During a changing economy, it is often said that people revert to more traditional ways. For instance, the Industrial Revolution sparked Romanticism and the yearning for individual expression and creativity. I can feel this happening around me today in reaction to not only the sluggish economy, but the computerized age as well. Computers have revolutionized the way people go about making everything – so much so that we have figured out ways to make digitally mastered music sound like it was recorded in a junky old studio and how to make machine-made items look old and worn.
“Typeface: Great Characters Both Wooden & Human” is a documentary that focuses on this sentiment. It takes place in the Hamilton museum and print shop in Two Rivers, Wisconsin, where some of the country’s best printmakers still visit to run workshops and classes. From carving the letter blocks on a pantograph to mixing the inks and hand pulling the fresh prints, this film depicts the entire process and the people who live for it. It’s almost too perfect for the story that Two Rivers is an industrial town that houses this hotbed of creativity.
I am enamored by the letterpress process and outcome, but I don’t think most people understand the amount of dedication and hard work used to go into printing a single run of posters, newspapers, books etc. It is so much more fulfilling to hold the letters in your hands, to carefully place the heavy paper on the letterpress and to troubleshoot with color mixing than to click a single button and watch the printer spit out hundreds of copies.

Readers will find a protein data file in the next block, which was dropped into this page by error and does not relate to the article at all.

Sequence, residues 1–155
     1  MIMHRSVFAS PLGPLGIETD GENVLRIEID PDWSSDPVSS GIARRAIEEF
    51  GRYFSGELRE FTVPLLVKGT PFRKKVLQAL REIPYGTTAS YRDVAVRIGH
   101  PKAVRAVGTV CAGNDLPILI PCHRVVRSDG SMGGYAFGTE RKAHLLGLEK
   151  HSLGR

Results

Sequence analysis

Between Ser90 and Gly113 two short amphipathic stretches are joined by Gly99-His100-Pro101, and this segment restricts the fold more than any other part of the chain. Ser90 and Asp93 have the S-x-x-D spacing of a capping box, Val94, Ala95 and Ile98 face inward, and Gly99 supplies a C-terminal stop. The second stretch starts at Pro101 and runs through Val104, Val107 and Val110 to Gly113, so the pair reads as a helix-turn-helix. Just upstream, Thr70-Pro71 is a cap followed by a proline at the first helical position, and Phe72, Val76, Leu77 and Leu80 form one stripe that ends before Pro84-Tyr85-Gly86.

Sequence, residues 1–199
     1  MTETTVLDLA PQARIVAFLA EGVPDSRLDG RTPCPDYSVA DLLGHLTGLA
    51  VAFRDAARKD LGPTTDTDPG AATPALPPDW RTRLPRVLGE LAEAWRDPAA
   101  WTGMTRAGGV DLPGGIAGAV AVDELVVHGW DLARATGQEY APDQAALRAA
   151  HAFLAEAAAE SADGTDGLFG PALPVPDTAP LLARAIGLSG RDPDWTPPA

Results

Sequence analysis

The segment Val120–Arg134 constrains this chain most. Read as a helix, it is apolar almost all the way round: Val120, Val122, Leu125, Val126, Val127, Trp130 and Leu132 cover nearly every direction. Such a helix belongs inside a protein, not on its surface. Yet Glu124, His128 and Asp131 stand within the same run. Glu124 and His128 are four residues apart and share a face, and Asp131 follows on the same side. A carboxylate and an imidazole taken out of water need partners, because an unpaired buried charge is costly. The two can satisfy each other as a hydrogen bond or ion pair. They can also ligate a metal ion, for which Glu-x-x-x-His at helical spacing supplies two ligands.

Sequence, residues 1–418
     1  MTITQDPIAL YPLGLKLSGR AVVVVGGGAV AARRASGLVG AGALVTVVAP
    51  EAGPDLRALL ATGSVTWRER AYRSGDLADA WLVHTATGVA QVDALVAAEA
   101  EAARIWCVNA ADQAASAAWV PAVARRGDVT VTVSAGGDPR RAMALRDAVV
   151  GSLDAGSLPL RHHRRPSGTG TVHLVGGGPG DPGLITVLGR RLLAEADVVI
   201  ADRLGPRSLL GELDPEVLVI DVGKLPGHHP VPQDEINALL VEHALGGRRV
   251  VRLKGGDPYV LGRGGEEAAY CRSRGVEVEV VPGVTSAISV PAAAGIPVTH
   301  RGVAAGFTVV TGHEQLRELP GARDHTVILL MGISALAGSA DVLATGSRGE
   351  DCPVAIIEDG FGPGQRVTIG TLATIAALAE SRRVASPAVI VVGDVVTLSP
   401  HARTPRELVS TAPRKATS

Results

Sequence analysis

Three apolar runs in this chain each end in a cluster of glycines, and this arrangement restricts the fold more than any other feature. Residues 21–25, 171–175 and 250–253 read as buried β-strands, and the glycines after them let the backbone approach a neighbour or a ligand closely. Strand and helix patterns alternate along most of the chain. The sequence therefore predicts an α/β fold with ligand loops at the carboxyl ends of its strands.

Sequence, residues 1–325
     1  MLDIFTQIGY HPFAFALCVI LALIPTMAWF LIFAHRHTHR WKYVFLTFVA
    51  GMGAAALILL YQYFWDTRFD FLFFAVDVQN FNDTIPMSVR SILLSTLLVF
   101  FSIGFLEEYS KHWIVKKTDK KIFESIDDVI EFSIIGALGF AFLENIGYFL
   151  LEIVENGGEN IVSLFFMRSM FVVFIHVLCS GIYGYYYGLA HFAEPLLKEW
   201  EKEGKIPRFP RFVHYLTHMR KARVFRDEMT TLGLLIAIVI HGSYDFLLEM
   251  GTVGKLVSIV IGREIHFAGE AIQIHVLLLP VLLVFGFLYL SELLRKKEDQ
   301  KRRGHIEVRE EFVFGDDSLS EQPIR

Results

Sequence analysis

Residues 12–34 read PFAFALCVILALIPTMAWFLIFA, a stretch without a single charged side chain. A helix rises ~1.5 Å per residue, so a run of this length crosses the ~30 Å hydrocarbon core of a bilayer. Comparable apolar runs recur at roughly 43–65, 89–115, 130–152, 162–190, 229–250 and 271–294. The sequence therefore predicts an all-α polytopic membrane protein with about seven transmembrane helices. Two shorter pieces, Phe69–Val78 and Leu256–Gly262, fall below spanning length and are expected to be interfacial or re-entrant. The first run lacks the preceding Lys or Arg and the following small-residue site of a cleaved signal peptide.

It is fascinating to watch the artists at work in the film and to hear them speaking nostalgically about the bygone era of the necessity of the letterpress. A few of the original factory workers, like and older man named Norb, still work part time and show the traditional processes. Norb does not understand Professor Dennis Ichiyama’s overlapping prints or one of the requests from a younger guy for him not to finish the serifs on a letterpress block. It might sting a little to hear the uber-hip guys from The Post Family print shop talking about how lame it is that people collect the letterpress blocks and keep them on their coffee tables (he even refers to it as “a shame”) and then with further disdain, bash the trend of ordering letterpressed wedding invitations. Again, I believe it is more about a generation’s reaction to over-mechanization of today’s craft. Even if it is a trend, it has to be a good thing that people want to get their hands dirty and see some authentic work, right?
I recommend the film to anyone interested in the process or hoping to be inspired. There aren’t many bells and whistles, but the message is clearly conveyed. Bonus for design blog readers and artists alike: the Renegade Craft Fair is featured toward the end of the film.
Here are a few limited edition prints (available for purchase here) made by various artists at the Hamilton factory for this documentary:
I’ll be returning the Portland Public Library copy today, but in the meantime, check out the trailer…